I’ve passed Phase One of the Great Domestic Goddess Challenge: the house has undergone a MAJOR decluttering. It’s been five weeks, I’ve filled my big outdoor trash container to near-overflowing, have lost count how many bags of trash and broken-down boxes I’ve discarded.
Some of these things, some of the glass jars, for instance, I might have recycled; but after so many years of being in the mice’s traffic pattern, I don’t think I could ever have gotten them clean enough to be able to overlook that they’ve made up the monkey bars and obstacle courses for the winter invasion of mice. . . so to the trash they went. Plastic stuff, like coffee cans I was so sure would make wonderful canisters. Paper. Shredded old clothes. Badly outdated and rusty canned foods. Broken items that aren’t going to be repaired or recycled. Stuff I haven’t used. Stuff I don’t want to use. Stuff I don’t know how to use (mostly hardware stuff).
Feels absolutely wonderful! and this week I go to Phase TWO: Recycling. For all the stuff I have thrown away, I’ve set a lot of shelves and a pair of bifold doors and a set of scales and pictures I don’t want and a mirror and a lot of salvageable stuff to be carried to charity thrift shop. Students here have a half-day later in the week, and a young friend has volunteered to come help me load up my car and haul it all there — God bless him!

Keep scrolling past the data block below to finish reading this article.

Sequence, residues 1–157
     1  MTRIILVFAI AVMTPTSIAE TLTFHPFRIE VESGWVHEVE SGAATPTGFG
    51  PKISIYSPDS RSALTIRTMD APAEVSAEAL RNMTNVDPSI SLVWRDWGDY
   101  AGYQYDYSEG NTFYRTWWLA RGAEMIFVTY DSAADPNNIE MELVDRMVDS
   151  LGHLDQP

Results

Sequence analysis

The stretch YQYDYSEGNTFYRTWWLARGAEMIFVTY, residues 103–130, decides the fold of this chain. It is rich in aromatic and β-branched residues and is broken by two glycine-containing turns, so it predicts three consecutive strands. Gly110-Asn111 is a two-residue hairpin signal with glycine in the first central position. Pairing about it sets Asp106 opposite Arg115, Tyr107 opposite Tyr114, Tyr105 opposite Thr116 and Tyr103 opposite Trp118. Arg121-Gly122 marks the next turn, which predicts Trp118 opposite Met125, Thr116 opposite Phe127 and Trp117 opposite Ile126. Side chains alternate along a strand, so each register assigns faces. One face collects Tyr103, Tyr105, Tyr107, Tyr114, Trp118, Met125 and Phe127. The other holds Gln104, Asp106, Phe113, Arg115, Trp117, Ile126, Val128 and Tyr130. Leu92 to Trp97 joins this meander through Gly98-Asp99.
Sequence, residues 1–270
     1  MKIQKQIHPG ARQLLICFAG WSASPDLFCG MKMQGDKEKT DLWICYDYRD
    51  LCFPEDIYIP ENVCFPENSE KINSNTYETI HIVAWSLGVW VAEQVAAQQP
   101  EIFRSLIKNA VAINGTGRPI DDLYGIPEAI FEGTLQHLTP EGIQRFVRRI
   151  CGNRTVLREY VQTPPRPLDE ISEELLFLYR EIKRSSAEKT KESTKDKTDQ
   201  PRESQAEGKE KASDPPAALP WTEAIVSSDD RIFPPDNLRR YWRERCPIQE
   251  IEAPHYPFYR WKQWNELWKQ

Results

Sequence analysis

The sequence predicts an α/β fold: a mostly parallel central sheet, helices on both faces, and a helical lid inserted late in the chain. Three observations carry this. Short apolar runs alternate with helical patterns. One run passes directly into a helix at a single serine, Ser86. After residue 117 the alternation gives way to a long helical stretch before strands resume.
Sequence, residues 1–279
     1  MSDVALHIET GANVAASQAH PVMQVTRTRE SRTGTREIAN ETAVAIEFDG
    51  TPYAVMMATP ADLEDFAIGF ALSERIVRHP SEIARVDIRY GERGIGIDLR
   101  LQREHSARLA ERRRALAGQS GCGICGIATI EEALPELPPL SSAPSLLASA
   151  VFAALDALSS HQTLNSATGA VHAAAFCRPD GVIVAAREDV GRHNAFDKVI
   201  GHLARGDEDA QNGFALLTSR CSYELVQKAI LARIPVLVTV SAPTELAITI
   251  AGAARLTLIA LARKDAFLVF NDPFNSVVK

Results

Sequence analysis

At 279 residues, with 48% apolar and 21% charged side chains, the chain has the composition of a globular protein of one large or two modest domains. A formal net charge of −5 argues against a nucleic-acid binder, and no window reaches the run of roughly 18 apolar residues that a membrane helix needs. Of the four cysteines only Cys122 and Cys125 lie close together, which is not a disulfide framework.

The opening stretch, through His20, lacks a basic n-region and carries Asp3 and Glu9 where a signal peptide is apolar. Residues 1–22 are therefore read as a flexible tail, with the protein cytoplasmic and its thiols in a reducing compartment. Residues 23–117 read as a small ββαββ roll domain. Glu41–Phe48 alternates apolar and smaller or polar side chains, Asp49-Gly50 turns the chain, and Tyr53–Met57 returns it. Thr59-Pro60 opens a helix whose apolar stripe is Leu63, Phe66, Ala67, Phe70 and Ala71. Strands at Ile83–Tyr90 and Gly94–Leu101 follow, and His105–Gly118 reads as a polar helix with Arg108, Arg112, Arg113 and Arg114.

Why does this matter? Not only for health’s sake — although it will be easier to fight the mice and the bugs that came in during the flood season last spring (and aren’t responding to ordinary bug sprays) with all the junk gone. It’ll be a lot easier to keep the house clean – vacuumed, dusted, mopped — with all these things in the way.
No. Somehow I have the feeling that my part in the Great Battle — the battle between Good and Evil, the battle for souls — begins with my success, or at least my dedication to the domestic sphere.
I’m still sorting this out. Women must be engaged in this Great Battle just as men must be, but I’m convinced our function is different. Men are the wielders of the swords, literally and figuratively; women most of the time have a supporting role — no less important, but different. Ask a military troop – active duty or veteran — if they could fight without support services, and see what they say. Their success on a mission depends on having food in their belly, needed supplies at hand, accurate record of their objective, etc. That’s what we provide. In our homes, we provide the place where our sword-wielder, our men, can rest from the battle, prepare for the next, have his spirit refreshed and his strength restored.
Sure, in history there have been exceptions: the prophetess Deborah and Joan of Arc, Katherine of Aragon (Henry VIII’s first wife). And a few of us might be called to follow their example. But most of us are not. The Battles of Lepanto and Tours and Gates of Vienna were won by men whose women were backing them up — and joining them in prayer.
Now, I’m single and I don’t know yet how this is going to apply to me. But it does. Even if I discover, to my horror, that I’m called to be a sword-wielder, somehow, I still have primary responsibility for hearth and home.
Not a popular idea, any more, with Feminism and all. But I believe Feminism has gone too far: from being valued for our personal skills and competencies, and being allowed to pursue our dreams, we are now competing against men. Competing against, and denigrating them. And violating our own sacred calling as nurturers and carers in the world. This is destructive, not desirable. We need to recover our balance in order to have safe and prosperous communities, and in order that Good might flourish.